When I go to a new place, I start by observing and taking photos rather randomly at first. Until you remark there’s something that has caught your attention at start that you did not see at first. When you see, what it is – go for it. Start looking for it!
Like in my last trip to Berlin, quite early on I saw the great murals in the German capital – and at the end of the day I had a nice selection of rather unique details of Berlin walls (pun is not unintended ).
Have a constant element in your pictures!
Do you remember Jean-Pierre Jeunet’s wonderful film “Amélie”? To encourage her father to travel, Amélie took his garden gnome and gave it to her flight attendant friend to take photos of the figurine in front of the world’s famous sights. Why not make use of that idea for your own travel photos? If a garden gnome is not your kind of style, why not take a Godzilla with you, or R2D2 … and have it travel with you?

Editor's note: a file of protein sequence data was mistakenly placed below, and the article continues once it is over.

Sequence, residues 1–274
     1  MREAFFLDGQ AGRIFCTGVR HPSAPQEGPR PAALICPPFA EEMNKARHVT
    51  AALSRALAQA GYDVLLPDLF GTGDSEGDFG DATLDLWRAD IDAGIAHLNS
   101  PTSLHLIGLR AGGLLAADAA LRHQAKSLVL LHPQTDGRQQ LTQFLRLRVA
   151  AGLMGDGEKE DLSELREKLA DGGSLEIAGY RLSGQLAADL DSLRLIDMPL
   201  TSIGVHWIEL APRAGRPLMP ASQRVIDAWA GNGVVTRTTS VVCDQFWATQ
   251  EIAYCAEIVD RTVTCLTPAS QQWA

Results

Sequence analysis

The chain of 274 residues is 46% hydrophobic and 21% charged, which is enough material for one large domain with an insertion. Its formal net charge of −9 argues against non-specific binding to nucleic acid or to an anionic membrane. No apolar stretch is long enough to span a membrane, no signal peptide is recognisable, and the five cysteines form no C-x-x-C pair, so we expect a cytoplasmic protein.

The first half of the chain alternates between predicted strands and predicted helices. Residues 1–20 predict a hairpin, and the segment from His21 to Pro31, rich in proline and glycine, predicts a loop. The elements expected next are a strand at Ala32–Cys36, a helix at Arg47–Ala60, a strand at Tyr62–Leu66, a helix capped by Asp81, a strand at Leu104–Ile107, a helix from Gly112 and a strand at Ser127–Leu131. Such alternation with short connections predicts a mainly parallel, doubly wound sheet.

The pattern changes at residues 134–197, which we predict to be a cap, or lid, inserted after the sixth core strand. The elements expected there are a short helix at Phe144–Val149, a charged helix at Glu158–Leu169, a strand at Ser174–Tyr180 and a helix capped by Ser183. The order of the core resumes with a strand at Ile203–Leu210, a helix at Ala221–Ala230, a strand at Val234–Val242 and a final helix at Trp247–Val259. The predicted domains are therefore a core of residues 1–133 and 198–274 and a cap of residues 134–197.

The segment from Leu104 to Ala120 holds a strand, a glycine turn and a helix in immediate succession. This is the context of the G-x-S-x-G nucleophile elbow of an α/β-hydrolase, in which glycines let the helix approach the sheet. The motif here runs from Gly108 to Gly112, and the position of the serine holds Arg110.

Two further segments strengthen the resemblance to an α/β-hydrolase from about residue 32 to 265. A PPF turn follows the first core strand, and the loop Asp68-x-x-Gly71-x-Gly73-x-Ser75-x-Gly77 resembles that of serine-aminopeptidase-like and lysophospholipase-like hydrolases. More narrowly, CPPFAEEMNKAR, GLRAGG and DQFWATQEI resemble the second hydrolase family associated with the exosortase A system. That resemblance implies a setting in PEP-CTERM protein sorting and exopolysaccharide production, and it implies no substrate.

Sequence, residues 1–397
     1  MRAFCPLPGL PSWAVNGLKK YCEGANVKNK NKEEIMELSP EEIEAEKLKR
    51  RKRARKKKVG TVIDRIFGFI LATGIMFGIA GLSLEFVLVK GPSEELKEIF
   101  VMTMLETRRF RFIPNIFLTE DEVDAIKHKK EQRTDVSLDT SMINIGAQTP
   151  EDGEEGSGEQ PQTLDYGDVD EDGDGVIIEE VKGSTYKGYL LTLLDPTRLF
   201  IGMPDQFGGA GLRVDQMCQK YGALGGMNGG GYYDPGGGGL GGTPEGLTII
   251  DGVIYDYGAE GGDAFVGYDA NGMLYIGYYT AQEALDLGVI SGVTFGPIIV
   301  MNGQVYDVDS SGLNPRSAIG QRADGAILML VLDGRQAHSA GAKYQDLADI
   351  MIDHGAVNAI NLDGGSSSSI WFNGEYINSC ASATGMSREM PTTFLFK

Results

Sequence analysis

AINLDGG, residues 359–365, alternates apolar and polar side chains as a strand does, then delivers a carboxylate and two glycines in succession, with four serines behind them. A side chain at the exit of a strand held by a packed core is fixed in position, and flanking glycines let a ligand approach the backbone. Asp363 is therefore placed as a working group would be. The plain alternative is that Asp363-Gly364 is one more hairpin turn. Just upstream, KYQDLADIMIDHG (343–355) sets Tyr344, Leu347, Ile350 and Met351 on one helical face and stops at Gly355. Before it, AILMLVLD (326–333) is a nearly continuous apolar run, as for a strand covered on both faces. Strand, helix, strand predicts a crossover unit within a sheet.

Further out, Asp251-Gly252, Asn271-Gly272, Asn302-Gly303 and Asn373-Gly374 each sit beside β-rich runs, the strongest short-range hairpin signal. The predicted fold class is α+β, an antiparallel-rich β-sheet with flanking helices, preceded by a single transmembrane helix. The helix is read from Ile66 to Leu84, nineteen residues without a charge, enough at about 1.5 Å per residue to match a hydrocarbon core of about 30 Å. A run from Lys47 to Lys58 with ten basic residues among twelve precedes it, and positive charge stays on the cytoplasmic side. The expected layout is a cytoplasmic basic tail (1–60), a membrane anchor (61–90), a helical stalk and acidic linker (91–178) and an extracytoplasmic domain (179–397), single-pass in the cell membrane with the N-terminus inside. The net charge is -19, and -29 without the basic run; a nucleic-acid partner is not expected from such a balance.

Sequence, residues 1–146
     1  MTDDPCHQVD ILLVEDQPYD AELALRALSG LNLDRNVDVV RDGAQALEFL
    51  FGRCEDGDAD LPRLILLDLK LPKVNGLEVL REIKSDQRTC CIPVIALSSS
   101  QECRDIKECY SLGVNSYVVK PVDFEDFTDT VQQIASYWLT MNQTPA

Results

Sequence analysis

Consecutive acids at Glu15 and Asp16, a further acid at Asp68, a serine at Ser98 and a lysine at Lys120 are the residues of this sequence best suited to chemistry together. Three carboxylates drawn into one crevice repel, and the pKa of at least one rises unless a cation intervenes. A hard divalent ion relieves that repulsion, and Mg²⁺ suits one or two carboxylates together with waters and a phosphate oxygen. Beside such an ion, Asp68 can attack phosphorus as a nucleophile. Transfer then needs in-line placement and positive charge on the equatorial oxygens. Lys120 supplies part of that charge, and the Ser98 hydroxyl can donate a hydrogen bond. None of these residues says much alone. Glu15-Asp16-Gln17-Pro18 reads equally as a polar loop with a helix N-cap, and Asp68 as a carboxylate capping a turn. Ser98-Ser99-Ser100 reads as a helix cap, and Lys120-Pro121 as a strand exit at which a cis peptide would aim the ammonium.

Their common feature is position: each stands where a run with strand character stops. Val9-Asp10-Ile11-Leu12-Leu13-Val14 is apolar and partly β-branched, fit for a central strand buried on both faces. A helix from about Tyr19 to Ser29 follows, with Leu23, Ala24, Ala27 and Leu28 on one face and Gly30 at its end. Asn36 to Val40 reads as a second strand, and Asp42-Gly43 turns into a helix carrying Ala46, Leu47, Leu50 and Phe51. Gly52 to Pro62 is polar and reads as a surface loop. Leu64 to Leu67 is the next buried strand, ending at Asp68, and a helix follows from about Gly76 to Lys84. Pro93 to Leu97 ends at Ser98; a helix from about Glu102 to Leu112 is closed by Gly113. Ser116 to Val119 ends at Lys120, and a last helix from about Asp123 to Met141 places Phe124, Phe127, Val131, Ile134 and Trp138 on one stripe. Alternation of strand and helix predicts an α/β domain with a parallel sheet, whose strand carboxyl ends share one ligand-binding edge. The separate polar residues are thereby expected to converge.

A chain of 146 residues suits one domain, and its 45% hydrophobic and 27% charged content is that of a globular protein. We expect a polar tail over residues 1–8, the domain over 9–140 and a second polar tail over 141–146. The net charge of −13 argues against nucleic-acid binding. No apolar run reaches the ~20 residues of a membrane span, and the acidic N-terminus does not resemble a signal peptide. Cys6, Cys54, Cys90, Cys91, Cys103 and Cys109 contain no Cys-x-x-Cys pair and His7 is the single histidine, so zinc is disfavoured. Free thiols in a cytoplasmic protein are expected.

Share, share, share!
Let your family and friends experience your travels with you. Post to your Facebook, Instagram, Flickr, Line … whatever you use!
Just remember: Don’t flood them with all the photos you take! Select only the good ones! Nobody wants to see nearly identical shots of the same place in his feed – and a photo selection is just as strong as your weakest image. Be brave to be picky on your photos!
This article was written for Bangkok Mobile Photographers #BMP. All photos were taken with a Sony Xperia Z1 during a trip to Berlin and edited on the same device with Snapseed.